ASU Pop-Up Event on AI

ASU will host a pop up-up event on April 6 to feature short talks on the implications of artificial intelligence in health.

According to the director of Health Innovation Programs at Arizona State University’s College of Nursing and Health Innovation, the integration of artificial intelligence into health care is inevitable.

“AI has been around for quite a while, but its ability to be effective in the health care arena is just beginning,” said Rick Hall, who also serves as a clinical professor and director of the recently established health- and wellness-centric entrepreneurial HEALab.

Chris Yoo, HEALab advisory board member and founder of Phoenix-based health care data company Systems Imagination, agrees with Hall and saw the potential to capitalize on the abundance of local experts in the field — both within ASU and the local community — by holding a pop-up event focusing on the burgeoning role of AI in health care today.

In association with Systems Imagination, HEALab will host “Artificial Intelligence: On the Edge of Health Innovation,” from 11 a.m. to 5 p.m. Friday, April 6, at the A.E. England Building on ASU’s Downtown Phoenix campus.

“Arizona and ASU have all of the same raw materials and expertise that any other place — like Boston or San Francisco — that promotes itself as a big biotech hub does,” Yoo said. “We hope this event will help people see that and build on the type of community that will put Arizona on the map as a place where bioscience and AI are happening.”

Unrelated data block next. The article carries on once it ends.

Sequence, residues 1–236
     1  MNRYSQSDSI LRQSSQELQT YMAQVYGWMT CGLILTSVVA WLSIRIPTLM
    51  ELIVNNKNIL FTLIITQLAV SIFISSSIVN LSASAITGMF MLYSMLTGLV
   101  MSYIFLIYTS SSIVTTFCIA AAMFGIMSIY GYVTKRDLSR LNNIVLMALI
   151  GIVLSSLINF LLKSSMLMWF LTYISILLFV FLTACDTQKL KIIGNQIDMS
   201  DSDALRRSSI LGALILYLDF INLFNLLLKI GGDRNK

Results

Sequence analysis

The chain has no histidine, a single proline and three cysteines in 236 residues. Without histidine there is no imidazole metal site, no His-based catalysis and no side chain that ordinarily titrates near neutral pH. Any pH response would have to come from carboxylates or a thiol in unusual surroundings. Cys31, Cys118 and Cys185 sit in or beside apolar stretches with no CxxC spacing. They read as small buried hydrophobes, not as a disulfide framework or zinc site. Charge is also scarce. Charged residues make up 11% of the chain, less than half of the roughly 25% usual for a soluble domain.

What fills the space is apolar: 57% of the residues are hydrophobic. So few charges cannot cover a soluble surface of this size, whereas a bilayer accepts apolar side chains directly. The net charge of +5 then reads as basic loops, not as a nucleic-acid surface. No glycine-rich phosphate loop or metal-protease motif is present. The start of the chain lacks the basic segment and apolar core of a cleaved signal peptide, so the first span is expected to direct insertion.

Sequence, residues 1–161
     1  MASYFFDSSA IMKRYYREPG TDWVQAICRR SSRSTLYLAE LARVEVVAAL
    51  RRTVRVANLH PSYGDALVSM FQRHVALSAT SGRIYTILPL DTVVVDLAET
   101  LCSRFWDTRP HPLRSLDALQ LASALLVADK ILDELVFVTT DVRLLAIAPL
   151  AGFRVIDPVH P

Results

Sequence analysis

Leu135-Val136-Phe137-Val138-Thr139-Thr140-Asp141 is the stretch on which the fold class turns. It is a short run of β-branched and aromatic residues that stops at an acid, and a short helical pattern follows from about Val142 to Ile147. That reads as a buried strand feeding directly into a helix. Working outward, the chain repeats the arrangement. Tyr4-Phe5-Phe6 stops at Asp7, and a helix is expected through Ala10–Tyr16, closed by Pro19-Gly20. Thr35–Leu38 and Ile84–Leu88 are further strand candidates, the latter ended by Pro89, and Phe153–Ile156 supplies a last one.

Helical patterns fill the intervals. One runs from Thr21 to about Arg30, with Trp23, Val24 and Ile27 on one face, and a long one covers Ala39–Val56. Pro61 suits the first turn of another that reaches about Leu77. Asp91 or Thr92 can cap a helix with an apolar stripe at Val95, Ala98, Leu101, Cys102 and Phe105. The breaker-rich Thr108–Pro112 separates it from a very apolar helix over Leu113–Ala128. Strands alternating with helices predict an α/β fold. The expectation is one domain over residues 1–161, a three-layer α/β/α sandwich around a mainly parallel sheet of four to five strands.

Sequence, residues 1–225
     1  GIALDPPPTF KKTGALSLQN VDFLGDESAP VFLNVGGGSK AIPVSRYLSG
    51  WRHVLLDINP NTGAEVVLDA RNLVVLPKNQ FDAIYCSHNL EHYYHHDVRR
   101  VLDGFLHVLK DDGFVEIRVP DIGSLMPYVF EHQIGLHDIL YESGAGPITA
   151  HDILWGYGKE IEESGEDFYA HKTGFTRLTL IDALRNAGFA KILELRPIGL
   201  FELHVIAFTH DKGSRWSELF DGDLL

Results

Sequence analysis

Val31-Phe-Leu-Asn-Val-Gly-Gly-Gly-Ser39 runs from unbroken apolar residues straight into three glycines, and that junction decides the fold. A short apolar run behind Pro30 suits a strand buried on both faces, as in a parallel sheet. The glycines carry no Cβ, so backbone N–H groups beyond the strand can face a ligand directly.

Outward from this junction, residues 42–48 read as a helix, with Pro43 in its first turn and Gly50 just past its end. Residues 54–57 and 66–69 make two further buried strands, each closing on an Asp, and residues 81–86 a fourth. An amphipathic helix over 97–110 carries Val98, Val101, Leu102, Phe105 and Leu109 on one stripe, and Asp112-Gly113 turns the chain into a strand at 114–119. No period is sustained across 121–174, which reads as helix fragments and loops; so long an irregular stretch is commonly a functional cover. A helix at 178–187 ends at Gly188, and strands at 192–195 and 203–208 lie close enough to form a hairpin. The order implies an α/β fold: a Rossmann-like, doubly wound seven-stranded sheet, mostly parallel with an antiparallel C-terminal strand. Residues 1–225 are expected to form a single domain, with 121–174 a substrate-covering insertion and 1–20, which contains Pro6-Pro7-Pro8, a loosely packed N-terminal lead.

Instead of longer-form, conference-type panels, Friday’s “pop-up” event will feature shorter, 30-minute talks by speakers on various aspects of AI in health care, such as policy application, privacy and ethics. The event is free for ASU faculty, staff and students, and $15 for members of the public.

College of Nursing and Health Innovation Clinical Assistant Professor Heather Ross will be speaking at the event about concerns related to developing a workforce to manage ubiquitous health care monitoring as well as algorithmic bias. She is part of a research group at ASU that is testing a wearable device that aims to reduce hospital readmission rates of heart-failure patients by detecting pre-symptom signs of heart health-related incidents.

“I’m super excited that they’re putting on this event because there’s so much exciting work being done on AI throughout the many schools and colleges at ASU and beyond,” Ross said.

ASU Now sat down with Ross, Hall and Yoo to get a crash course on AI health care ahead of Friday’s event.

Read original article on ASU Now here to learn more and read exclusive interviews with scientists.